Tacky’s War, also known as Tacky’s Rebellion, was an uprising among Jamaica Akan enslaved people from Ghana that occurred in St. Mary Parish, Jamaica, against the British from 1760 to 1761. Other ethnic groups from Ghana including the Akyem, Nzema, Fanti, and Ashanti took part in the rebellion. The rebellion was led by Tacky (also known as Takyi), who was from the Fante ethnic group. This war was one of the most significant slave rebellions in the Caribbean during the 18th century before the Haitian Revolution, which began three decades later. The goal of the rebellion was to take control of the British island colony and create a separate Black independent nation.
The rebels were inspired by the First Maroon War that also occurred in Jamaica, from 1728 to 1740. That rebellion was led by Queen Nanny of the Maroons. They did not know that the success of the Maroons in that earlier conflict would eventually help bring about the downfall of their rebellion. The leader of the rebellion, Tacky (Akan spelling: Takyi), was originally from the Fante ethnic group in West Africa and had been a paramount chief in Fante land (in the Central region of present-day Ghana) before being enslaved. He and his lieutenants planned to take over Jamaica from the British, and to create a separate black country.
The uprising was inspired by the successful resistance of Free black people in Jamaica, such as the Asante Queen Nanny and the Jamaican Maroons during the First Maroon War of the 1730s.Before being a slave, Tacky was king of his village. He himself recalled selling his rivals of the Ashanti, Nzema and Ahanta, off into slavery as spoils of war to the British. But ironically, he would become a slave himself when a rival state defeated his army in battle and sold him into slavery, and he ended up in Jamaica. According to J.A. Jones, who claimed to have met him while being held captive by Tacky while trying to get an interview with him, in his memoirs he wrote that Tacky spoke very fluent English (which was indeed common for the ruling class of Fantes at the time).
Also according to Jones, he was discovered in a cave a year before the rebellion took place, planning with his comrades: Quaw (Fanti Ekow), Sang, Sobadou (twi Sobadu), Fula Jati and Quantee (twi Kwarteng). All except Fula Jati were of Akan descent Slaves also rebelled on the Esher estate owned by the wealthy William Beckford and they joined Tacky's forces. Bolstered by their easy success, they made their way to the storeroom at Fort Haldane where the munitions to defend the town of Port Maria were kept. After killing the storekeeper, Tacky and his men commandeered nearly 4 barrels of gunpowder and 40 firearms with shot, before marching on to overrun the plantations at Heywood Hall and Esher.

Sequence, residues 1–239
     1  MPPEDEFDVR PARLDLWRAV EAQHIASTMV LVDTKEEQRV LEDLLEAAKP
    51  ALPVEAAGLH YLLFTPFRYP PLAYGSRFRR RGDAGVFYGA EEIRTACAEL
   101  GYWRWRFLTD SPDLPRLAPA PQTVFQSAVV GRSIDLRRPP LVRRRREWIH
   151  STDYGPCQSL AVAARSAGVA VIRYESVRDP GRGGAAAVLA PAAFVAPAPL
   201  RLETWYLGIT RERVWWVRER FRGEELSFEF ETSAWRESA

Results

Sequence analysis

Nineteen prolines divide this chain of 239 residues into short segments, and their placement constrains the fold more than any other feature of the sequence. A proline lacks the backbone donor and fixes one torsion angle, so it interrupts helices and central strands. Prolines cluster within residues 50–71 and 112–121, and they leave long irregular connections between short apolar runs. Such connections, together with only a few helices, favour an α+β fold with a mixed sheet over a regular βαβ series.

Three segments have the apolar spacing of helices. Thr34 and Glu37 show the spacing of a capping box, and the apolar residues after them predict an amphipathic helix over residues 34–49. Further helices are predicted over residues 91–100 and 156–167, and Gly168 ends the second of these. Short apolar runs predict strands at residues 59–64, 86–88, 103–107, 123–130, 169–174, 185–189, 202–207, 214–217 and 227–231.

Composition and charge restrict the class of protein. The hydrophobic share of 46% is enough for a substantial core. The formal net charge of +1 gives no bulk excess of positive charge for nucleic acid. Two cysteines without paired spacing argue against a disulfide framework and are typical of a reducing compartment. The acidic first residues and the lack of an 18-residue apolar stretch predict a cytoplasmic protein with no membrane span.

By dawn, hundreds of other slaves had joined Tacky and his followers. At Ballard's Valley, the rebels stopped to rejoice in their success. One slave from Esher decided to slip away and sound the alarm. Obeahmen (Caribbean witch doctors) quickly circulated around the camp dispensing a powder that they claimed would protect the men from injury in battle and loudly proclaimed that an Obeahman could not be killed. Confidence was high. On April 9th, Lieutenant Governor Sir Henry Moore, 1st Baronet dispatched a detachment of the 74th regiment, comprising between 70 and 80 mounted militia from Spanish Town to Saint Mary Parish, Jamaica.
These militia soldiers were joined by Maroons from Moore Town, Charles Town and Scott's Hall, who were bound by treaty and forced to suppress such rebellions. The Maroon contingents were commanded by Moore Town's white superintendent Charles Swigle, and the Maroon officers reporting to him were Clash and Sambo from Moore Town, Quaco and Cain from Charles Town, and Cudjo and Davy the Maroon from Scott's Hall. Tacky's rebels burnt houses at Down's Cove in coastal St Mary. On April 12, the militia under Captain Rigby and Lieutenant Forsyth arrived at Down's Cove, where they were met by Charles Town Maroons (who were still called Crawford's Town Maroons by the colonial writers) led by Swigle, and a contingent of black soldiers.
Tacky's men attacked Forsyth's contingent, and killed a number of white soldiers, losing only three freed slave rebels in the process. Tacky himself was reportedly wounded in the assault. On April 12, 1760, British troops and their Maroon allies attacked the rebels, wounding Tacky in battle. Two days later additional Maroons under British commanders engaged Tacky and his followers in the Battle of Rocky Valley. Most of the rebels were killed. Many others fled into a cave near what is now called Tacky Falls, where they committed mass suicide. Tacky and a few of his followers fled into the woods pursued by Maroons. One British marksman, attacking with the Maroons, shot and killed Tacky and then severed his head.
That head was then displayed on a pole in Spanish Town until some of Tacky’s surviving followers took it down. Many of the remaining surviving rebels were captured and executed. Resistance, however, continued for nearly a year until 1761, when British colonial forces and their Maroon allies killed or captured the remaining followers. Despite Tacky’s death and the failure of the rebellion, insurrections continued in Jamaica until slavery was officially ended by the British government in 1834. The cost of these continuing rebellions was a major factor in the British government outlawing slavery throughout the empire.